Over the past couple of months we have been surprised at the lack of knowledge of the gestational development of the human fetus. And we have
been faced with surprise when facts around preborn development were shared. The answer to the question “when is a baby,a baby?”, plays a large part in our thinking on pregnancy and abortion. We want to thank our partner organisation Life (NI) for giving us permission to share a page from their UK website that briefly describes the life journey that every preborn human has taken…..
The development of the human being in the womb – a process through which every single person who has ever lived has passed – is genuinely amazing.
The ways in which our bodies change and grow and develop in those first nine months are the most dramatic and incredible of our lives. What’s even more striking is that our first and most fundamental relationship was with our mother, even though our awareness of this relationship is obviously rather limited early in our life!
This relationship started with conception, the moment that the mother’s body first recognises the new being’s existence. Scientifically speaking, life begins at this moment, when the father’s sperm combines with the mother’s egg. A completely unique genetic code was formed, different from anyone else in the world, throughout history. So much of the information about the future of the individual is contained in this tiny point of life.
Even at this stage, it is already determined whether the embryo is male or female, what kind of skills and strengths they will have, what colour eyes and hair, even the kind of illnesses to which they will be susceptible in future life. Even parts of the personality have been linked to genetic influences. This genetic code links the child with the mother in some ways and with the father in others, but the child is not a copy of either of them – he or she is unique; a new, separate and original human individual.
The mother’s body recognises this fact and responds physically to make itself a hospitable environment. As the body releases hormones signifying the presence of a child, the body responds by suppressing the mother’s immune system so that the child is not attacked as a foreign object in the way that other intrusions might be. While this does put her at slightly raised risk of certain illnesses, it does allow the body to participate in building the placenta and providing a safe home for the child.
In a sense, the placenta is a physical metaphor for this relationship. Half is from the child and half from the mother’s uterus. The placenta connects the child to the mother and allows them to obtain all the nutrients and oxygen they need to grow, while at the same time disposing of waste from the child. So the pattern for that deeply important mother-child relationship is laid out on a cellular level.
The child could not survive without the mother, and yet it is not part of her in the same way as an organ is. S/he is an entity all of their own, with a personal blood flow, which never mixes with the mother’s and begins pumping around the tiny body when the heart begins to beat at around 4 weeks.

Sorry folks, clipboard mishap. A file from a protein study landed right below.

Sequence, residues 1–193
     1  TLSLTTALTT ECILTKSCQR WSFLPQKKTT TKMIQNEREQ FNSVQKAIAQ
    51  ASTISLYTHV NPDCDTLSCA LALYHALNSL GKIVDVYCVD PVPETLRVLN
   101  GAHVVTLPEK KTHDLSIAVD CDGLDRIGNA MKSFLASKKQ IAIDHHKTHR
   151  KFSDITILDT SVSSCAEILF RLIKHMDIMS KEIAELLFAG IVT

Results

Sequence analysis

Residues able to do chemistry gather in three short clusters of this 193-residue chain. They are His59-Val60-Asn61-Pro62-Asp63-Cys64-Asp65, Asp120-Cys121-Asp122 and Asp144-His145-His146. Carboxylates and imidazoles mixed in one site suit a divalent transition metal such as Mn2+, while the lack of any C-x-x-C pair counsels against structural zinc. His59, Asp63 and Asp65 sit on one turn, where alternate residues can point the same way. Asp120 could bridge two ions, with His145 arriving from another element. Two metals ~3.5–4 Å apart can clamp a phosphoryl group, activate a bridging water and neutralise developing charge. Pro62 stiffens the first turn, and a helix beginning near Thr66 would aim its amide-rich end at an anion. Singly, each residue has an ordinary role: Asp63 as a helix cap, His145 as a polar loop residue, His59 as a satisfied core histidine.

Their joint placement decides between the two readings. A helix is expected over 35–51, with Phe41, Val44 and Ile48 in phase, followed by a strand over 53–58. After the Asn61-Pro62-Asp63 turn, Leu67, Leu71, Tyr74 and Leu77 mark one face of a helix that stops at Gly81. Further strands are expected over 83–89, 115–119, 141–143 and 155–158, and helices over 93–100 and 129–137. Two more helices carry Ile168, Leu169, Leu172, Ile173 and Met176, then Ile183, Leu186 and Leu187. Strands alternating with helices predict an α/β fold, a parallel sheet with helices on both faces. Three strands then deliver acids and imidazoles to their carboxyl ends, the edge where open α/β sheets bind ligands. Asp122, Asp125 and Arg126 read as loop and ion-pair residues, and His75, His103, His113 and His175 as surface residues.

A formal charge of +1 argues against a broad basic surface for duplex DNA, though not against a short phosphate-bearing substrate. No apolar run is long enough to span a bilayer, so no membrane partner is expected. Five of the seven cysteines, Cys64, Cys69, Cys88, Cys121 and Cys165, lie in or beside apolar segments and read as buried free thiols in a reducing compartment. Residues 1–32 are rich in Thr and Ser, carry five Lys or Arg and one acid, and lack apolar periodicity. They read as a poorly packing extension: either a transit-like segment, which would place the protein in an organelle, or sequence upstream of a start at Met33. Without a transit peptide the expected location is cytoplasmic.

By six weeks the child is more than 10,000 times larger than at conception. The beginnings of legs, hands, fingers and eyes can be seen. The brain is already alive and starting to send signals down the developing spinal cord.
By eight weeks, the child has its own unique fingerprints. This small detail, invisible to the outside world, shows once more the individuality of the unborn child. A great deal now depends on the mother’s natural care for the child. Everything she does can have an impact on the future of the child, from the foods she eats to t
he chemicals she puts into her body. It is for this reason that pregnant women avoid alcohol and smoking, and take folic acid.
All this special care allows the tiny body time to grow. By twelve weeks the child is amazingly detailed – right down to delicate fingernails. Not long after this the child can respond to touch, and cry silently.
Although the mother only starts to feel it at around 16 weeks, the child has already been kicking and moving for a month at that point. According to some scientists, shortly after this the child begins to have the biological capacity to feel pain and unpleasant sensations. Also around this time, it is thought that unborn babies learn to recognize both their mother’s and their father’s voices. Typically, these voices have a very calming effect, but if he or she is exposed to persistent loud noises or shouting, the child’s heart rate and even stress hormones can be increased.
As the child develops all five of the senses to explore the world, he or she is preparing for the moment of actually emerging and meeting the parents, and preparing itself to live outside the mother, taking the first steps to independence. But of course it will be many years before the child is completely independent, for even after birth children rely on their parents to physically feed them and take care of them. And so this first, primal relationship continues after birth in many ways.
It is important as a society that we view this new relationship between a mother and her baby in a caring and nurturing way; that we empower and help in whatever way we can so that a mother is supported in this relationship.
We all need to do a better job of acknowledging the awe and wonder of how each and every one of us develops inside the womb and the special bond that we all have with our mothers, not to mention the relationships we have with those that cared for us when we were at such a vulnerable stage in our development.